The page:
The Art behind your/our Craft – Ingredients
The journey from associating beers with a series of nonchalant, fun drunk sessions to a delightful evening of unwinding over a sessionable, smooth blend of craft beer, we have come a long way. In our late teen years, most of us have focussed on the memories that beer brought rather than tasting the beer.
On the contrary, our early twenties is this inquisitive zone of exploration to unravel mysteries around us figuring how our drink is a reflection of our mood and state of mind. Thus, we are ready to take a focused and structured approach – Understanding Our Craft Beer.
Traditionally, the four main ingredients that go into brewing a craft beer are – Malts, Hops, Yeast & Water. And when these ingredients are put through processes outlined as Malting, Mashing, Boiling & Fermentation, Craft Beer is born.
When a sugar source reacts with yeast, alcohol is created/formed. Well, in case of wine, sugar comes naturally from grapes but in case of beer, its usually derived from the grains – barley, wheat, etc. Unlike the fruit sugars, grains have complex starches that need to be broken down to make it fermentable. To do so, these grains are put through the process of malting, which involves germination and kilning.
Germination is when the grains are steeped in water for a couple of days when the enzymes needed to simplify the complex sugars to starch are formed. Now, the process of drying these malts under different temperature is termed as Kilning. This process is crucial as it is the source of all malt flavours, dark colours, and intense flavours.
First of all, it is always liquor and never ‘only water’ when it comes to craft beers. The chemistry of dissolved salts & minerals, and their proportions, water plays a vital role in the process of brewing. These minerals bring more than flavours to the beer thus each craft has its ideal water profile. In the modern day, brewers can create the exact profile of water to suit to their specification of the beer style. While they can adjust the water profile, water sure needs to be free of contaminants, specific smell and definitely filtered.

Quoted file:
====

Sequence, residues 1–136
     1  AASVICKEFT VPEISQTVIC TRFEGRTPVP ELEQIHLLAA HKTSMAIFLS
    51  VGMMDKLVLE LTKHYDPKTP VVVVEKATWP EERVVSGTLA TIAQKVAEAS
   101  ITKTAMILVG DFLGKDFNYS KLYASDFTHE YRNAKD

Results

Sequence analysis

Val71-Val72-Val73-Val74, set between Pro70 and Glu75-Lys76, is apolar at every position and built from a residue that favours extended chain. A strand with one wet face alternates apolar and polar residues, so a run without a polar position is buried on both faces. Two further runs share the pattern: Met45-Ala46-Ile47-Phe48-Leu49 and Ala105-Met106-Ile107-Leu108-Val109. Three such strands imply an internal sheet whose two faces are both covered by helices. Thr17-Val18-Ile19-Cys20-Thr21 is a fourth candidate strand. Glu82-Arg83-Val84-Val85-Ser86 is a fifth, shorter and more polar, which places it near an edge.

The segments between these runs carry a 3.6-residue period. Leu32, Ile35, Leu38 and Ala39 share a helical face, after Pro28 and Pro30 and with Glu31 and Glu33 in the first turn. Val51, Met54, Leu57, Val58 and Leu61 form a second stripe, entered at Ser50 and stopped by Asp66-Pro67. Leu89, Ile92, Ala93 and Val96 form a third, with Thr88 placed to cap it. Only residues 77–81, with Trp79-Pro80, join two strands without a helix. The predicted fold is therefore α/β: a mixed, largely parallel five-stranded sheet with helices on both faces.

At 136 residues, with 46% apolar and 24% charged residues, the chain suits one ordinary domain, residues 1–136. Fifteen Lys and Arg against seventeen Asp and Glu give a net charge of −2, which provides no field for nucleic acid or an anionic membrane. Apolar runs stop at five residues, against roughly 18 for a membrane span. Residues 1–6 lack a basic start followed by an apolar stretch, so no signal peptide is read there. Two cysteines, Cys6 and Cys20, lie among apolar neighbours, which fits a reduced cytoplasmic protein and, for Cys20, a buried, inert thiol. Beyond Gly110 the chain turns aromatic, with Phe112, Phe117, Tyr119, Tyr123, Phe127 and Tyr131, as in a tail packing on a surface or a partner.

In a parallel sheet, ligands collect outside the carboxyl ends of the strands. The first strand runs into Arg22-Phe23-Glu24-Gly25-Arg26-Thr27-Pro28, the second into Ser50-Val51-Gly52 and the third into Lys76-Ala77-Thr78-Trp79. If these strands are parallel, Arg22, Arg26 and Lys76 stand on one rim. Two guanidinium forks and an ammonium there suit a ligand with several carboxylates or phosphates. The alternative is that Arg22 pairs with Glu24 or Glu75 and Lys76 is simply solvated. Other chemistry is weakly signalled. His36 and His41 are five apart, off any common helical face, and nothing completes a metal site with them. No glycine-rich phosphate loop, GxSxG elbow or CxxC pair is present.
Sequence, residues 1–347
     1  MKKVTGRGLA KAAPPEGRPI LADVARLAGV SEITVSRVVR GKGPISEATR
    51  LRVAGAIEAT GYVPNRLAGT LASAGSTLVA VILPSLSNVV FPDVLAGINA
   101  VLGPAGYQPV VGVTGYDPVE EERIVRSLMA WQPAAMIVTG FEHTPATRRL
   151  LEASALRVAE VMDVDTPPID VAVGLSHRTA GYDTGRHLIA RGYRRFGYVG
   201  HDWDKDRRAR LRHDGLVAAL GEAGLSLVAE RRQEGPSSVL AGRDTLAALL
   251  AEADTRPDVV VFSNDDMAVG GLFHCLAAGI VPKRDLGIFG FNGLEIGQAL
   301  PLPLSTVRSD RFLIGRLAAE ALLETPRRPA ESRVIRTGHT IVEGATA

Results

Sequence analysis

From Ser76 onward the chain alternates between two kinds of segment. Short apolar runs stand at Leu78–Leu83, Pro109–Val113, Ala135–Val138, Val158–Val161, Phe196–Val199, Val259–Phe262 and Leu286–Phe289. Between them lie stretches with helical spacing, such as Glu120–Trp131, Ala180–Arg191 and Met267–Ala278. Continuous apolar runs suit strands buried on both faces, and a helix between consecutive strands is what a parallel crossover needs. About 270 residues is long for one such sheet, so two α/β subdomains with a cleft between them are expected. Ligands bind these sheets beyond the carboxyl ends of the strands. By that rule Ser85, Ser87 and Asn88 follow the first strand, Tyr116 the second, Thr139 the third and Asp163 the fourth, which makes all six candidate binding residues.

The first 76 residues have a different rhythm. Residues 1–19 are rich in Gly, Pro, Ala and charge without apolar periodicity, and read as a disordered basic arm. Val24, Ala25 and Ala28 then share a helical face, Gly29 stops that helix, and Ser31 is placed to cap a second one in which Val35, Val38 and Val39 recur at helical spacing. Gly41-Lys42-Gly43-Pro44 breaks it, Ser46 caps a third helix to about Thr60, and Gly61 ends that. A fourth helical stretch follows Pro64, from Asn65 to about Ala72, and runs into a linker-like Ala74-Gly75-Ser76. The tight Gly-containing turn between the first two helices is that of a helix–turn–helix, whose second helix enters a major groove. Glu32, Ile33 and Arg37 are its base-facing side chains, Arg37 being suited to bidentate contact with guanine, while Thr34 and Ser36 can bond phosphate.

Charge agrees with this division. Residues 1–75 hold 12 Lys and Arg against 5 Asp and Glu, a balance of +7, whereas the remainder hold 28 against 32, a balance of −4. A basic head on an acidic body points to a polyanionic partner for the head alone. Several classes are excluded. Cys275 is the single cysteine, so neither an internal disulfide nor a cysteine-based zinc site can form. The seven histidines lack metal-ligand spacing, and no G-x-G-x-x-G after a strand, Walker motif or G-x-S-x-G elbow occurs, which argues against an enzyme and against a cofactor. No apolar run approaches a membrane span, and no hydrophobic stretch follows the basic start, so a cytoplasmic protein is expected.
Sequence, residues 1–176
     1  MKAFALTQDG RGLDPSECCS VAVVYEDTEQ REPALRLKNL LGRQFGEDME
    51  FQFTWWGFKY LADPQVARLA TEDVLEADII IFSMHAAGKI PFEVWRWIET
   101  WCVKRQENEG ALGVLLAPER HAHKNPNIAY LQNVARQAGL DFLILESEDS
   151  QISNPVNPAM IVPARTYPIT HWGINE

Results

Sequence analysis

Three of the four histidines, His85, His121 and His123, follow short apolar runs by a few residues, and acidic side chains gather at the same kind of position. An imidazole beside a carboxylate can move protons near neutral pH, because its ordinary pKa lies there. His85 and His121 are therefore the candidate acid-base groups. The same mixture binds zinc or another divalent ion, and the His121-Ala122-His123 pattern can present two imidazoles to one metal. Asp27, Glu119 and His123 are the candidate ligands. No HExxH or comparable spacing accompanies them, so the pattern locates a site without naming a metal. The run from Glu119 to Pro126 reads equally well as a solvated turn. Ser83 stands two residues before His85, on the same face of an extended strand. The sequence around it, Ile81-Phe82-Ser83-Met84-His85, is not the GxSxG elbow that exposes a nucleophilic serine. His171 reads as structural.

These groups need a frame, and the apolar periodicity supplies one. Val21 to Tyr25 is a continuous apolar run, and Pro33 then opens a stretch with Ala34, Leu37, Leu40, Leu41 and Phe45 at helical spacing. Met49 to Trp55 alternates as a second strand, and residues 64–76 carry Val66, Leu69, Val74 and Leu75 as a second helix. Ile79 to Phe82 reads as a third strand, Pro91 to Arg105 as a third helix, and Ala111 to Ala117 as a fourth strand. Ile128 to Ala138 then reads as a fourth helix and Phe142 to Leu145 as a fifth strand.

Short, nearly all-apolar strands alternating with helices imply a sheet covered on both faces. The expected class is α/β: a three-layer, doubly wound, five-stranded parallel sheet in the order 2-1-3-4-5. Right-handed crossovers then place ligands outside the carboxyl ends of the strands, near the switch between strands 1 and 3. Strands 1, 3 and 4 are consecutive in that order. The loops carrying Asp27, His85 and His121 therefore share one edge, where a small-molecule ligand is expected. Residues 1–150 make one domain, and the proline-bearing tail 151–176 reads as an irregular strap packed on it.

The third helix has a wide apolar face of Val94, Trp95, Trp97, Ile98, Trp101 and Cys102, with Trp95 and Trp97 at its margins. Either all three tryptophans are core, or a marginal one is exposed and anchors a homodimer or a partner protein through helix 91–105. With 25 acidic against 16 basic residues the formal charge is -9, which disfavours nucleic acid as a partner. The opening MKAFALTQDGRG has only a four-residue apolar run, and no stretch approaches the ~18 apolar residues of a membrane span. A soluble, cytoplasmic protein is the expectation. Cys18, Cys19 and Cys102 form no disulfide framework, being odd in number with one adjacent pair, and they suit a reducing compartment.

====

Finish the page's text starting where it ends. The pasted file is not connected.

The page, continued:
Hops are flowerlike cones of climbing wine which contribute flavours, aroma, and bitterness to a craft beer. While traditionally hops were treated as a one-dimensional ingredient to impart bitterness, craft brewers have revolutionized its usage. Since they are not soluble in water, they are boiled separately as the process of brewing. The longer the hops are boiled, the more bitterness they lend to the beer. Added at a later stage, hops add aroma to the beer.
This is where the Brewers exercise their creative liberty to make gold out of sheer hops with just the right proportion.
Yeast is a single-cell organism that feeds on simpler sugars and creates carbon dioxide and alcohol as a by-product. In the process of brewing a beer, yeast acts as a natural fermenter while contributing to beer’s flavour and aroma. Broadly, there are two main types of yeast – Ale yeast and Lager yeast. Ale yeast ferment best at a higher temperature and is often referred as to as the top-fermenting yeast while the lager yeasts work at much colder temperatures and lager yeasts are regarded (act) as a bottom fermenter.
The lager yeast ferments with more precision and gives the ‘clean & crisp’ profile and the ale yeast add the ‘fruity & spicy’ profile to the craft beer.
Here’s demystifying the art & science behind an inviting, flavourful & tall pint of craft beer (the ingredients, the process, and all things craft) at The GRID.